AgResearch scientists have been working over many years with the support of the government and commercial partners to develop the high metabolisable energy (HME) ryegrass to help improve livestock feed. 


High metabolisable energy (HME) ryegrass is a promising development providing an innovative solution that can significantly improve the quantity and quality of livestock feed. A genetically modified (GM) ryegrass with elevated leaf fat that provides an increase in energy content. This innovation has environmental, social and productivity gains. 
A modified ryegrass that could reduce environmental impacts while boosting animal nutrition and farm productivity is expected to be fed to livestock for the first time next year to obtain an initial gauge of potential benefits.

AgResearch scientists have been working over many years with the support of the government and commercial partners Grasslanz Technology, PGG Wrightson Seeds and DairyNZ, to develop the HME ryegrass.

Scientist Luke Cooney discusses HME ryegrass.

Predicted benefits

  • Increase in available energy in ryegrass
  • Successfully increased oil content in ryegrass by 2.3%
  • Increased metabolizable energy (inc 1 Mj/kg DM – 10%)
  • Higher photosynthesis
  • Accelerated growth and increased biomass
  • Increased animal productivity
  • Improved water use efficiency
  • Reduced nitrated leaching and N2O (dec 6-7% urinary nitrogen)
  • Reduced methane emissions (10-15%) 

It's the best science since Rutherford split the atom

Dr William Rolleston; South Canterbury farmer, biotechnologist, and former Federated Farmers national president.

How it works

The HME ryegrass works to create the high metabolisable energy, this is being done by adding and modifying two plant genes to increase lipid content in the leaf and enhance photosynthesis in the plant under some conditions.

The purpose is to increase the nutritional quality of ryegrass to drive greater productivity, but the research also suggests environmental benefits such as reduced nitrogen loss that can contribute to waterway contamination, and reduced emissions of greenhouse gases, methane and nitrous oxide. Current research suggests that methane reductions of 10 to 15 per cent may be achievable but the animal feeding trials are still to be undertaken to definitively test this.

For nitrous oxide, the opportunity is the improved animal nutrition leading directly to a reduction in urinary nitrogen excretion, resulting in reduced emissions and lower nitrate leaching; as well as the potential for reductions due to the HME plants influencing composition of the soil microbes leading to benefits in the nitrogen cycle.

Growing of HME Ryegrass and the required research has taken place indoors in contained conditions in New Zealand, according to regulations in place around genetically modified organisms. However, it has also been grown in regulated outdoor growing trials in the United States.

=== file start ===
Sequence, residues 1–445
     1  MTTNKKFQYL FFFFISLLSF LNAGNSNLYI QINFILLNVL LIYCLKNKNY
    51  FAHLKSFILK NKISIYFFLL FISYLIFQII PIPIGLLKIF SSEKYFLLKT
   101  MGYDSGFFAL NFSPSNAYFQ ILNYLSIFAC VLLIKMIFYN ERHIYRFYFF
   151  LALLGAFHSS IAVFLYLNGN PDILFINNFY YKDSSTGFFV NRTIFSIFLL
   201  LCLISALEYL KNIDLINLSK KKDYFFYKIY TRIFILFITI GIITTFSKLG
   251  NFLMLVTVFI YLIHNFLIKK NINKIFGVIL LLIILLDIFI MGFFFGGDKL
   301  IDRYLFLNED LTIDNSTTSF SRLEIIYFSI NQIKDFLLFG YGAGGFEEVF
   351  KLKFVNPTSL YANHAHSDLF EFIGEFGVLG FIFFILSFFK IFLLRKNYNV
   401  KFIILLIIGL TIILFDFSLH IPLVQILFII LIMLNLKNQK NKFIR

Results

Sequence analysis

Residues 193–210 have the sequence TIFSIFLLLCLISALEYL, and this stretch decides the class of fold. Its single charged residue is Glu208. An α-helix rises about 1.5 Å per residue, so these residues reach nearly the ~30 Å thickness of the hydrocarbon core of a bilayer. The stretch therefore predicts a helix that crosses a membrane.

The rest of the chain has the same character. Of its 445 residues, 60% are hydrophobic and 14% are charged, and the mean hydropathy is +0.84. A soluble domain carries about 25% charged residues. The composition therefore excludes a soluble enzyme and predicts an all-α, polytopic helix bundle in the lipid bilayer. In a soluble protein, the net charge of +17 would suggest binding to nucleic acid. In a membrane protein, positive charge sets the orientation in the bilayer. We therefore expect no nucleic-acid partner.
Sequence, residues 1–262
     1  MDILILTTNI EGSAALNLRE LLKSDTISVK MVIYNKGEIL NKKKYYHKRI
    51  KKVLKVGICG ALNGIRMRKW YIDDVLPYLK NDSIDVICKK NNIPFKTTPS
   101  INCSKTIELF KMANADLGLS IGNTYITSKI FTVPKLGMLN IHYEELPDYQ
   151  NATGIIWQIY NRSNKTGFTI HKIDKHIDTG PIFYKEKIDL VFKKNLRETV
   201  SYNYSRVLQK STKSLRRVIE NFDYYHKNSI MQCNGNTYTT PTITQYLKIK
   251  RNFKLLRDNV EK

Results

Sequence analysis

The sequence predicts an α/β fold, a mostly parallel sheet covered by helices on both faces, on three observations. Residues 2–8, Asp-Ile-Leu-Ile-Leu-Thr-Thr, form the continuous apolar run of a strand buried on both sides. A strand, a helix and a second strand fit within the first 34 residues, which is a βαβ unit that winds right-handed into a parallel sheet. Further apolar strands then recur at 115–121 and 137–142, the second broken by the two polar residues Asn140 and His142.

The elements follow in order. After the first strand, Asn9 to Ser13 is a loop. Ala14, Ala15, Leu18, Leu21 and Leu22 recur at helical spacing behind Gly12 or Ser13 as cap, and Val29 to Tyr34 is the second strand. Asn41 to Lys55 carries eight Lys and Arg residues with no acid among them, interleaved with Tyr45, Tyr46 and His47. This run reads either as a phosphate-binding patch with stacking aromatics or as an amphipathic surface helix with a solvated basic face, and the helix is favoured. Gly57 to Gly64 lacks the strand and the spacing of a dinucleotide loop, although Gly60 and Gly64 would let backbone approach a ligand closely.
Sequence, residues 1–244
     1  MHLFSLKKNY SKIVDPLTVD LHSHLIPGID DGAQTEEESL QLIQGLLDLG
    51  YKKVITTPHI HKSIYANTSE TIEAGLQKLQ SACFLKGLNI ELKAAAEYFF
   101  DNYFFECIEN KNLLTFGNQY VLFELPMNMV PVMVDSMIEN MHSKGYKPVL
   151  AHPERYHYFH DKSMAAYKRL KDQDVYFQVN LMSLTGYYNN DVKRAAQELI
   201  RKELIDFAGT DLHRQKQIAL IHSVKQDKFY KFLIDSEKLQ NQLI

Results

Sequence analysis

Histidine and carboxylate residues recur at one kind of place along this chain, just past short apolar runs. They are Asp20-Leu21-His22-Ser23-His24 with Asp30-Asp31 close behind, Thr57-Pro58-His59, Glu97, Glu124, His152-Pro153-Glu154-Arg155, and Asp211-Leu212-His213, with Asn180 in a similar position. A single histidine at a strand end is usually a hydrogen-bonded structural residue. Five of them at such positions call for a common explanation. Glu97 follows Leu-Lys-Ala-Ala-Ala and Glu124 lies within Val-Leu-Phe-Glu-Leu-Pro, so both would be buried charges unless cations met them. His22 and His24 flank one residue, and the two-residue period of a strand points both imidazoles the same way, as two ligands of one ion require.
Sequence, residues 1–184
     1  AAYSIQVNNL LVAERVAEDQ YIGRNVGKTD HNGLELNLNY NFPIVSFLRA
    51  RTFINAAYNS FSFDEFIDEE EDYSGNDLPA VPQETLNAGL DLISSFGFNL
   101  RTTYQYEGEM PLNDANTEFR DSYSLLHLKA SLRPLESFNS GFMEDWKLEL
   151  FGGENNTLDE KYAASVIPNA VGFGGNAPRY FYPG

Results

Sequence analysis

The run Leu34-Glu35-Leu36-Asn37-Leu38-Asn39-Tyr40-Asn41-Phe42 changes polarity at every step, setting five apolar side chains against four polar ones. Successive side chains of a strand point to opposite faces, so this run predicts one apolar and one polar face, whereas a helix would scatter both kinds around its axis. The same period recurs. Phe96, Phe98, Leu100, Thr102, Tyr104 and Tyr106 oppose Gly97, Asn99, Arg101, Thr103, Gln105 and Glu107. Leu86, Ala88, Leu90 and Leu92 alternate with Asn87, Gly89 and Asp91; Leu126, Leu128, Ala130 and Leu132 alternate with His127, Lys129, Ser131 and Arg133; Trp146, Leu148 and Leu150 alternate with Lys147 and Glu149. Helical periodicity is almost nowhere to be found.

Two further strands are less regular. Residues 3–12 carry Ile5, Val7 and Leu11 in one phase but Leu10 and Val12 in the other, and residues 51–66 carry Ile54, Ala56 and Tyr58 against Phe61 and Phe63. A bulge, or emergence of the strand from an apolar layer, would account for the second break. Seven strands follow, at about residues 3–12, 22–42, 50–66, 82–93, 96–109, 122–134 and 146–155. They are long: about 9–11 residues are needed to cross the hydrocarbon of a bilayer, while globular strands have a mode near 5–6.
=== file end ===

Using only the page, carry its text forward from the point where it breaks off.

AgResearch's containment glasshouses at the Grasslands campus.

Into the future

Planning is now underway for a trial that is expected to start late next year, in which lambs will be fed both the HME ryegrass and a control ryegrass. To enable this, work is now underway to grow enough of the ryegrass in contained glasshouses in New Zealand that can be ensiled (preserved) for feeding to the lambs when the trial begins.

Scientists expect the trial to provide insights on methane emissions and urinary nitrogen excretion. Further confirmation in cattle will need to be performed in outdoor trials, most likely in Australia at a later date. The programme team earlier this year applied to Australia’s Office of the Gene Technology Regulator (OGTR) for permission to conduct growing trials in Australia.

Through the course of the application process with OGTR, it emerged that additional detailed analysis would be required on a specific issue for the application to proceed and be successful. The issue relates to an allergen (known as sesame oleosin) that may be present and could be released in the pollen of the ryegrass.

While AgResearch testing demonstrated that sesame oleosin is not expressed in the pollen of HME Ryegrass, a more rigorous test was required by OGTR. Given the timeframe and complexity associated with this more detailed test, the team reached the view that the best course was to withdraw the application to the OGTR and resubmit at a later stage.

The intention is to further reduce any future risk by replacing the sesame oleosin with an alternative that has no known allergenic properties.

The scientists are currently working on refining the composition of the ryegrass, based on a rice component rather than sesame, to support a further application for field trials and potential commercialisation of the ryegrass in Australia.

Results from the feeding trial commencing next year will guide next steps for the development of the HME Ryegrass programme and inform the potential for future commercialisation. 




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